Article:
By Larry Gavrich, Founder & Editor,
Home On The Course, LLC
How many times have you heard a friend say, “Boy, it would be nice to go back to school?” And how many times have you thought that yourself? Today, the opportunities are rife to literally go back to school by buying a home just a few miles from a major university that offers continuing education courses aimed at retirees.
Many of these universities in the Carolinas offer free or inexpensive “lifelong learning” classes to retired people. Subject matter ranges all over the map, including an upcoming course at the Wilmington, NC, branch of the University of North Carolina entitled “Johnny Reb, Billy Yank and Aphrodite: Sex and the Civil War; “How South Carolina Won the Revolutionary War” offered at Conway, SC’s Coastal Carolina University; and “History of the English Cathedrals” at Furman University in Greenville, SC.
Many retirees are giving in to the pull of the college campus, mindful that these institutions are magnets for concerts, art shows, top sporting contests, comprehensive libraries and, of course, the prospect of a wide range of classroom topics.
Luckily for golfers, some of the most highly rated golf communities in the Carolinas are located just a few miles from campus, making it easy to combine exercise for the mind and body without having to work too hard to arrange either.
HERE IS A SHORT LIST OF EDUCATED CHOICES IN THE CAROLINAS
Governors Club & University of North Carolina, Chapel Hill
The community and university are 15 minutes apart. Governors Club features 27 holes of Jack Nicklaus golf, a dramatic clubhouse with excellent food and an involved membership not afraid to invest in maintaining the community’s ample facilities. Single-family home prices begin at $375,000. Recent offerings through UNC Chapel Hill’s Lifelong Learning curriculum included “Abraham Lincoln’s Second Inaugural Speech,” “The Carolinas Campaign of William T. Sherman” and “Indian History in North Carolina.”
Landfall Country Club & University of North Carolina – Wilmington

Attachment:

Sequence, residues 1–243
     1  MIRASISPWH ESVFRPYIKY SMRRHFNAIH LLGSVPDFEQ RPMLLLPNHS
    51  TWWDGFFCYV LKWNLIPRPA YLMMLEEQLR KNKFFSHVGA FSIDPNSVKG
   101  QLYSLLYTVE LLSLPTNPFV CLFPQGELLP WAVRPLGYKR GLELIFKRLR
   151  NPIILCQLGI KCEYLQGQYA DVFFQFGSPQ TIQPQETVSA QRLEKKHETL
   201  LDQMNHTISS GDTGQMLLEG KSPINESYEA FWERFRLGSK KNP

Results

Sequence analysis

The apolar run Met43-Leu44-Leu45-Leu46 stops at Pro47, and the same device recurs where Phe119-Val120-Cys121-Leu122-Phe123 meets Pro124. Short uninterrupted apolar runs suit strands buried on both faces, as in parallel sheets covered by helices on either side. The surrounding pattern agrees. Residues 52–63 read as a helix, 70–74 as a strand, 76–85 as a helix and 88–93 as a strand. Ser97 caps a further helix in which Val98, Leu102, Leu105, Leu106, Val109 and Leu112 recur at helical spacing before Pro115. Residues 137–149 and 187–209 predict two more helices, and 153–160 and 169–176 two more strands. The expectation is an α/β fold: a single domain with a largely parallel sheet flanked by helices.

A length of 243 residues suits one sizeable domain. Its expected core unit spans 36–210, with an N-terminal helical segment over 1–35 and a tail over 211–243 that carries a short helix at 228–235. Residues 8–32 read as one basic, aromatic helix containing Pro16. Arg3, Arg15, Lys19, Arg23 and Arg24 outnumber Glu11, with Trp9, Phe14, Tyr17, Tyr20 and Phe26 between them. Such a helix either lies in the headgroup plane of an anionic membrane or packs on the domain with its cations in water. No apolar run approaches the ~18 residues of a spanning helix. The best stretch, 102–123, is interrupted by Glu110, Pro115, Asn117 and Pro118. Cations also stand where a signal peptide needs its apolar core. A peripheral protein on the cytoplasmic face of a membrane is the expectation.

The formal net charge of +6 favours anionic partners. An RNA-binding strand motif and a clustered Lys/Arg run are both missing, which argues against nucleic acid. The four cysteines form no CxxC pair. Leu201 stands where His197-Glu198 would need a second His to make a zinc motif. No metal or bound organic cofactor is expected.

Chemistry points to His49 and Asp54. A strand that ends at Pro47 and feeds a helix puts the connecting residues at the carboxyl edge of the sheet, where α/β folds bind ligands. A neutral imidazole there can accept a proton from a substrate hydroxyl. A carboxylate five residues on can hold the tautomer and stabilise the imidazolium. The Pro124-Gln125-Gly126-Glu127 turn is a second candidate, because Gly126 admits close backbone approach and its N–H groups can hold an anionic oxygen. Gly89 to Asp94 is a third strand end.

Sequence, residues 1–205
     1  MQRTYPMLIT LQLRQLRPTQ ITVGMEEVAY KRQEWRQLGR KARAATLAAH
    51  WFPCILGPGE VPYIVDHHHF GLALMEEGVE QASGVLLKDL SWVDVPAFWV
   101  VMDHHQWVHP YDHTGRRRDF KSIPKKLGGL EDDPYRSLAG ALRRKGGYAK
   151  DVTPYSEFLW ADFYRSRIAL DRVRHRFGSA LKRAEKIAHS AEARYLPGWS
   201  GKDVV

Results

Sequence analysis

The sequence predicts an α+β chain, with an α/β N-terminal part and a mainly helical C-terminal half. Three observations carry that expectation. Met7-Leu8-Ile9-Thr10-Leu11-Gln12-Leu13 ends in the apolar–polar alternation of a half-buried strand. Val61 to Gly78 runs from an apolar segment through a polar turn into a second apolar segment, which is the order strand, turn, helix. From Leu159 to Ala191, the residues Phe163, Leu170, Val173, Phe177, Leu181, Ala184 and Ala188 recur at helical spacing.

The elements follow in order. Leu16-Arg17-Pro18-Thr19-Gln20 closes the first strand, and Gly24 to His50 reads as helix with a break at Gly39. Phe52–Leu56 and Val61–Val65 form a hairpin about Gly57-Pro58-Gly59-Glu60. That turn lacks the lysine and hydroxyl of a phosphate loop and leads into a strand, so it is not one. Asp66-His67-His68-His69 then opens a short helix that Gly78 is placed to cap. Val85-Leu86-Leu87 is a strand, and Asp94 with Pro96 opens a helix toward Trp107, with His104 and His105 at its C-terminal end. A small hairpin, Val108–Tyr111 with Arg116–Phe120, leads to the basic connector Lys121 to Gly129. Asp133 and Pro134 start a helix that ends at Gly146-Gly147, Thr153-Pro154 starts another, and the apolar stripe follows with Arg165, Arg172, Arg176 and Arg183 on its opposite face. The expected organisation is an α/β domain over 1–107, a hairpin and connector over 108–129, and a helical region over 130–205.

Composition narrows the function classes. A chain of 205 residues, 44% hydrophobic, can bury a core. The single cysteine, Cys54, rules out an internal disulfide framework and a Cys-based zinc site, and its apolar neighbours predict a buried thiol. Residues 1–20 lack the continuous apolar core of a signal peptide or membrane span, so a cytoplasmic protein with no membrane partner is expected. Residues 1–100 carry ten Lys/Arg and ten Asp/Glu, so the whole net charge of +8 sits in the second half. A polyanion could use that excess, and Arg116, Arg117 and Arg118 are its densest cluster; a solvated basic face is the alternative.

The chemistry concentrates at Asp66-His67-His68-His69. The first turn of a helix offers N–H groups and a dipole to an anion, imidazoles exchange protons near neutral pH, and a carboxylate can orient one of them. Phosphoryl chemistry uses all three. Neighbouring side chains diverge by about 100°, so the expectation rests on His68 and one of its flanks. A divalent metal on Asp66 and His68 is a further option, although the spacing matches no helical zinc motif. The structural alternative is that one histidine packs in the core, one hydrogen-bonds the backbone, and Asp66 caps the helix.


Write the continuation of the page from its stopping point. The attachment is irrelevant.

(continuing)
Landfall is host to an annual major college golf tournament on 18 of its 45 holes of Jack Nicklaus and Pete Dye golf. The community is perfectly situated within 10 minutes of the vibrant city, which is known as “Hollywood East” for the number of films produced locally, and within 10 minutes of Wrightsville Beach and the Atlantic Ocean. UNC Wilmington’s Osher Lifelong Learning Institute is offering dozens of courses this spring, but none as tasty as “Meet ‘Em and Eat ‘Em,” an insight into the life and succulence of the oyster; the course winds up with a special luncheon.
Reems Creek Golf Club & UNC Asheville
The neighborhood around the Reems Creek golf course has its ups and downs – literally. Some of the views from its homes look out across the swirling golf fairways to the Blue Ridge Mountains beyond. Prices are reasonable for this kind of setting, with homes priced from the low $200s. The English firm Hawtree & Sons designed Reems Creek; Martin Hawtree was responsible for the design of the recently opened and well-reviewed Donald Trump course in Aberdeen, Scotland. Because it is home to the Osher Lifelong Learning Institute, formerly the Center for Creative Retirement, UNC Asheville may very well offer the most comprehensive list of courses for retirees at any school. More than 100 topics in this spring semester’s catalog range from the short stories of Raymond Carver to the films of Phillip Seymour Hoffman to “Dante, Tolkien and Cosmic Imagining.”